Should I Become a Mechanic?
Mechanics are automotive service professionals who diagnose and repair cars and trucks. When a customer comes in with an automotive problem, mechanics will test and troubleshoot the issue until they understand what is wrong. Once the problem is diagnosed, they will explain the options to the customer and repair or replace the part. These automotive parts may include engines, brakes, transmissions, and electronic systems.
Most mechanics work on a full-time basis, and overtime is very common. Some may be required to work weekend shifts. Most mechanics work for automotive repair shops, including dealerships, though some are self-employed. Mechanical work can be physically demanding, requiring techs to work in uncomfortable positions, small spaces, and with loud noises. Some risk is associated with this career, although injuries are usually limited to small cuts, bruises, burns, and scrapes when safety precautions are taken.
|Degree Level||Formal training at the certificate or associate's degree level is beneficial|
|Degree Name||Automotive service technology or similar field|
|Certification||ASE offers voluntary certification in the field|
|Experience||Experience is necessary to earn certification|
|Key Skills||Dexterity; customer service skills; troubleshooting abilities; proficiency with specialized tools and technology|
|Salary||$37,120 (2014 BLS Median for Automotive Service Technicians and Mechanics)|
Sources: U.S. Bureau of Labor Statistics (BLS); Monster.com (November 2012); ASE.
Step 1: Earn an Education
While training is available at the high school level, aspiring mechanics can enroll in auto service technology programs offered by community colleges, vocational schools, and automobile manufacturers. There are no formal requirements, but mechanics typically earn a certificate or associate's degree. Certificate programs can last between six months and a year. Associate's degree programs require two years to complete. Coursework usually includes hands-on training in auto repair, computers, and electronics.
Step 2: Gain Work Experience
Entry-level mechanics usually start out as trainees, assistants, or lubrication workers. Many new mechanics go through a period of on-the-job training in which they work under supervision of experienced mechanics. It can take 2-5 years to become fully qualified as a service technician. Jobs for mechanics are available at maintenance shops, automobile dealers, independent garages, and service stations. Individuals with solid customer service skills may go on to be service managers, supervisors, or repair service estimators.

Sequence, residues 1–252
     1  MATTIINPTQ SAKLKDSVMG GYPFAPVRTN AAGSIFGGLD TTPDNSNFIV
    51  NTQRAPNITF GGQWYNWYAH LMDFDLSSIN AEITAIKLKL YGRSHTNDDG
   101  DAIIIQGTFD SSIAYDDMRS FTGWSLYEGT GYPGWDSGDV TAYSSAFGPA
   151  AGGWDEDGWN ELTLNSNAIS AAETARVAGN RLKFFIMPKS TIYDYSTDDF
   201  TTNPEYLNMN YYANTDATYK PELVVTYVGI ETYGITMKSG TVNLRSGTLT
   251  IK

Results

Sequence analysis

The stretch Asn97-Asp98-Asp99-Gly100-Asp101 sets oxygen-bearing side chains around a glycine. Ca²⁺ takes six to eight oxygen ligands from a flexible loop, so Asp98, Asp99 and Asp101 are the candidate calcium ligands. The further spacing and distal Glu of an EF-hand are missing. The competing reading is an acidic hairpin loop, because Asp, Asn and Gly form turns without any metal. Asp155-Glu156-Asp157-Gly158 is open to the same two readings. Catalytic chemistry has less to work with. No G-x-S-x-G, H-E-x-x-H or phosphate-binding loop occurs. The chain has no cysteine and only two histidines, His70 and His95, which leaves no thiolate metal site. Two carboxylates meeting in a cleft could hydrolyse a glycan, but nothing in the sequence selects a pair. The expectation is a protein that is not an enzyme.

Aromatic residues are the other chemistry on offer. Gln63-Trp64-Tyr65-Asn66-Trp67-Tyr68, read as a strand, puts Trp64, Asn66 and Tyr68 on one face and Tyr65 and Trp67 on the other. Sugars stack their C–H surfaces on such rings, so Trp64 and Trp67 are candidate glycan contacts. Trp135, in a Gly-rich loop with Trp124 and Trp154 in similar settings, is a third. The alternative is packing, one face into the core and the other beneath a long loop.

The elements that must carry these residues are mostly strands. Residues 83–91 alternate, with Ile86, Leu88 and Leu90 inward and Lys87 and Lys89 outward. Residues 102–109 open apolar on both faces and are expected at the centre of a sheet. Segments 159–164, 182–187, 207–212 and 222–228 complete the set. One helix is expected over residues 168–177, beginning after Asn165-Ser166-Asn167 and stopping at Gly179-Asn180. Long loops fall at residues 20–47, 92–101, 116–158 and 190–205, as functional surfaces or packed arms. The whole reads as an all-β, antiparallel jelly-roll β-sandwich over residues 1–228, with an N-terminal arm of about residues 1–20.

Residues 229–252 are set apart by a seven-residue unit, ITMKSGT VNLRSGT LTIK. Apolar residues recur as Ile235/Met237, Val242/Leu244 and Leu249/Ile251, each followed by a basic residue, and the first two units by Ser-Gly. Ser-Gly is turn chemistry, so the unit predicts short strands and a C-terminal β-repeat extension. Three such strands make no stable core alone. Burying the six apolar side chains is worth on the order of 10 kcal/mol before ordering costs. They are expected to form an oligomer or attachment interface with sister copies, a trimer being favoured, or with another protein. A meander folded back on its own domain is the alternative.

Step 3: Get Certified
National Institute for Automotive Service Excellence (ASE) certification is the standard credential for auto mechanics throughout North America. Mechanics with two or more years of work experience are eligible for ASE certification; those who have completed formal training programs may only need one year of experience. Certification isn't required, but it often improves employment prospects.
Certification tests consist of multiple choice questions that measure diagnostic and repair skills. Certification is available in eight specialty areas, including engine repair, engine performance and brakes. In order to maintain certification in any area, a mechanic must retest every five years.
The U.S. Bureau of Labor Statistics noted that technicians working with air conditioning or climate control systems need a license for proper refrigerant usage from the U.S. Environmental Protection Agency. Some colleges or employer groups may offer preparation programs to assist mechanics in preparing for the licensure examination.
- Obtain master designation. Mechanics can earn master designation by earning certification in all eight specialties. Earning this designation demonstrates mastery of automotive skills. Master mechanics earn significantly more and find more career opportunities.